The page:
The writer has before him work in other important fields, and, being already beyond the usual term of human life, it is necessary to make the best use of his time. He therefore hopes that younger men will take up the subject of protection to property created by the farmer in improvement of the soil. It is with regret he has observed only one other person, a man of some fourscore years, take up this question of protection to properly in the Mark Lane Express, a question beyond all others the most important to the national well-being, and which the motto of that honest paper calls upon them to do. It augurs not well for the rising energies of Britain that such a subject should be left to the old. Is there no vigour, no independence, no spirit of liberty in the young or middle-aged, to denounce, to put down evil in high places? Is it only those so old as, in a manner, to be released from the indirect slavery, that dare speak out? Silence, under slavery, in such an intelligent and powerful class as the farmers of Britain is more ominous — more to be dreaded than speaking out. The slave can be punished for speaking out. The sole man that has had spirit openly to join in this, states he has been a farmer for sixty years; and the writer has been so for fifty-six years. Are we to have none to succeed us in warring against the enemies of British liberty and British progress. It is not from ignorance of the magnitude or debasing character of the evil that aid is wanting: every farmer knows its character. Why is aid wanting? Is it manhood that is wanting? Must the evil go on to convulsive cure? This is no myth to sham and play with; no creature of the ideal, but a dire reality. Here there is no room for dispute or difference of opinion. We have before us a breach of that for which government was instituted, of that which is necessary to the formation and existence of property — protection. This want of protection affects the most important property of all — the most necessary to the existence of civilized man. How preposterous, how absurd to expect improvement, or even maintenance, of the present condition of the vegetable mould, without protection to capital employed in enriching it, and necessary for its maintenance! It is vain to attempt to protect vegetable mould by written lease, by rules and restrictions on cropping. Such will only act as restrictions upon the outlay of capital and skill in improvement, as restriction on production of food, and only be productive of quarrel and litigation. Nothing but actual legal right of the farmer to the improvement he, and he only, can create in the soil, will bring forth improvement of the soil and increased production. Where is the landlord, where is the man of common sense, who will say nay to this? And, this admitted, which is the landlord so dead to his country’s good, to the good of his fellow-creature, who will go on in his present mischievous course? He has before him a clear and distinct path of right and of wrong — a rising or descending path for himself and his country, of which to choose — the one leading to improvement, British freedom, plenty, contentment, security; the other (facilis descensus averno), a continuation of indirect slavery, leading to famine, disaffection, destruction; for it is not probable that a system, entailing degradation of race, and decline and fall of the British empire, will be submitted to by the British people. 1 repeat, it is betwixt these two paths that our landlords have to choose. So sure am I that the present chronic disorder will soon resolve itself into a curative fever — an effort of nature to relieve herself — and perhaps effect a more radical cure of landlord despotism and landlord prevention of improvement than the plan I suggest, that I am doubtful whether I do not do wrong in projecting reform; whether it would not be better to allow things to take their natural course. It is, however, my duty, if possible, to reform evil. It belongs to nature to crush it. Yet such must be attended, in this manufacturing nation, with so great destruction of property and life of the innocent, far exceeding that which took place in France, that I anxiously desire salutary reform. Two years ago how few in the American States were aware of the impending destruction! Modern civilization cannot submit to slavery, whether direct or indirect. Facts have shown that the writer is no idle dreamer. His predictions of the Irish famine a number of years before it took place, and his letter in the Standard to Sir Robert Peel, in the autumn (he thinks) of 1845, stating that the disaster had arrived (the first who saw it), that twelve millions sterling would be required to preserve human life (the actual sum expended by Government), and that a high responsibility rested upon Sir Robert to repeal the corn laws, which Sir Robert did; but did not follow the previous warning and scheme of colonization, in alliance with Mexico, published by the writer eight years previous, which would, in a great measure, have prevented the famine, given Britain California, placed Mexico under a steady efficient Government, able to protect property, rendering improvement practicable, have incalculably benefited Mexico, and prevented the United States’ and French intrusions; his statements, some thirty-two year back, that our old men-of-war were useless, and his recommendation of steam gunboats, steam rams (the first suggested), sloping sides, metallic cover, no rigging; also his published article, about sixteen years ago, of which a copy was forwarded to the Lords of the Admiralty, pointing out the superiority of iron to wood for war vessels. All these are evidence he is no idle dreamer: to which may be added that, in the highest field of science he has left his mark (a solution of the problem of species), which will remain when all the landlords of the present age are forgotten. The writer mentions these in simple duty (he could state more), as affording some claim — some presumptive proof that his ideas and scheme merit the consideration of the landlords of Britain.* He attempts to change the position of the landlords from mere incubi upon agricultural improvement into valuable supervisors and stimuli of farmer improvement, bringing landlord interest to coincide with landlord duty — converting landlords from ministers of evil into ministers of grace. As Nature does in the case of “natural selection” — cultivating every species into the highest health and strength, and best possible adaptation to circumstances, to their field of life, and removing the weaker and not adapted — so the landlord, his own interest impelling him, would form a constant guardian to remove every imbecile farmer incapable of enriching the vegetable mould and increasing production, and to place an energetic man of skill and capital in his stead. To act aright here will not be difficult. The imbecile will be easily removed, the energetic improver not. How enviable a position for the landlord —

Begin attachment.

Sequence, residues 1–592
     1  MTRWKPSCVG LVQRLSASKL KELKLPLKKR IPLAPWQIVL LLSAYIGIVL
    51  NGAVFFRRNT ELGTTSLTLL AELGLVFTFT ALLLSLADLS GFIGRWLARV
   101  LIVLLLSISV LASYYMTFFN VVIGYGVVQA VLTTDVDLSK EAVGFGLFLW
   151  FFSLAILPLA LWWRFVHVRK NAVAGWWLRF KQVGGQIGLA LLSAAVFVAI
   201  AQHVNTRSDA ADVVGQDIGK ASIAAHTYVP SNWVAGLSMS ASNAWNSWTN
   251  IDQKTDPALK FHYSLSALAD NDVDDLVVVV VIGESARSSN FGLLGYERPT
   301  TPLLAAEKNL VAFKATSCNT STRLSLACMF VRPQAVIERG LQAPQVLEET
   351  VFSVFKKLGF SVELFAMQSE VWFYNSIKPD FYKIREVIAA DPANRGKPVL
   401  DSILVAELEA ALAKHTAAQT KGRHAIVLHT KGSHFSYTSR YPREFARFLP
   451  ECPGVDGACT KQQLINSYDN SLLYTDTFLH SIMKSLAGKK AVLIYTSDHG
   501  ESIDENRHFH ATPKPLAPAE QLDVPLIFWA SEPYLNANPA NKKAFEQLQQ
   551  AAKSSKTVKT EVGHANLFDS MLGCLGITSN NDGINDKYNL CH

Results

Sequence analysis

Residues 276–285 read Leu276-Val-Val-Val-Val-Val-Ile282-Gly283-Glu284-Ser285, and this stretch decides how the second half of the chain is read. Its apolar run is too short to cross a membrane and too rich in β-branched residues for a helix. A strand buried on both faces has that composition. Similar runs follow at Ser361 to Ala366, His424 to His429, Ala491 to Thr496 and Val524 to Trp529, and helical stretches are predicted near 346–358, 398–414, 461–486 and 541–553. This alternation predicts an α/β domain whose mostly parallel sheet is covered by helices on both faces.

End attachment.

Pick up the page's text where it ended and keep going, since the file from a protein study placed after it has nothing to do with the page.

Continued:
“To scatter plenty o’er a smiling land!” —